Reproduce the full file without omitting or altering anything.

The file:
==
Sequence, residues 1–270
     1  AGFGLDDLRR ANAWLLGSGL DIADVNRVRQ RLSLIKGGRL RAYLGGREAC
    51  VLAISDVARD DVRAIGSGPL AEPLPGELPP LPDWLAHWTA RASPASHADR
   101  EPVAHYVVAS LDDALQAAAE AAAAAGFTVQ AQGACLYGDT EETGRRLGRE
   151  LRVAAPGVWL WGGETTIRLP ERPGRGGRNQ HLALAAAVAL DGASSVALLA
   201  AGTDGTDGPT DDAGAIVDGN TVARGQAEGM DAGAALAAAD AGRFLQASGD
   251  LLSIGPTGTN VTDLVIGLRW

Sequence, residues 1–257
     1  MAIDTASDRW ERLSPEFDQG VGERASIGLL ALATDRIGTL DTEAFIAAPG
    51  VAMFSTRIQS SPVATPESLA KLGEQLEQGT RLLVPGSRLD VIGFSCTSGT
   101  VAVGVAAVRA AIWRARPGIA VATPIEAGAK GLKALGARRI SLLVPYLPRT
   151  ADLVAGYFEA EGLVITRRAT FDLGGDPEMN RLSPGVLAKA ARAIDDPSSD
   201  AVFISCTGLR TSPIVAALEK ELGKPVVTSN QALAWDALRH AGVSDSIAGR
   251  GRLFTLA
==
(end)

Sequence, residues 1–270
     1  AGFGLDDLRR ANAWLLGSGL DIADVNRVRQ RLSLIKGGRL RAYLGGREAC
    51  VLAISDVARD DVRAIGSGPL AEPLPGELPP LPDWLAHWTA RASPASHADR
   101  EPVAHYVVAS LDDALQAAAE AAAAAGFTVQ AQGACLYGDT EETGRRLGRE
   151  LRVAAPGVWL WGGETTIRLP ERPGRGGRNQ HLALAAAVAL DGASSVALLA
   201  AGTDGTDGPT DDAGAIVDGN TVARGQAEGM DAGAALAAAD AGRFLQASGD
   251  LLSIGPTGTN VTDLVIGLRW

Sequence, residues 1–257
     1  MAIDTASDRW ERLSPEFDQG VGERASIGLL ALATDRIGTL DTEAFIAAPG
    51  VAMFSTRIQS SPVATPESLA KLGEQLEQGT RLLVPGSRLD VIGFSCTSGT
   101  VAVGVAAVRA AIWRARPGIA VATPIEAGAK GLKALGARRI SLLVPYLPRT
   151  ADLVAGYFEA EGLVITRRAT FDLGGDPEMN RLSPGVLAKA ARAIDDPSSD
   201  AVFISCTGLR TSPIVAALEK ELGKPVVTSN QALAWDALRH AGVSDSIAGR
   251  GRLFTLA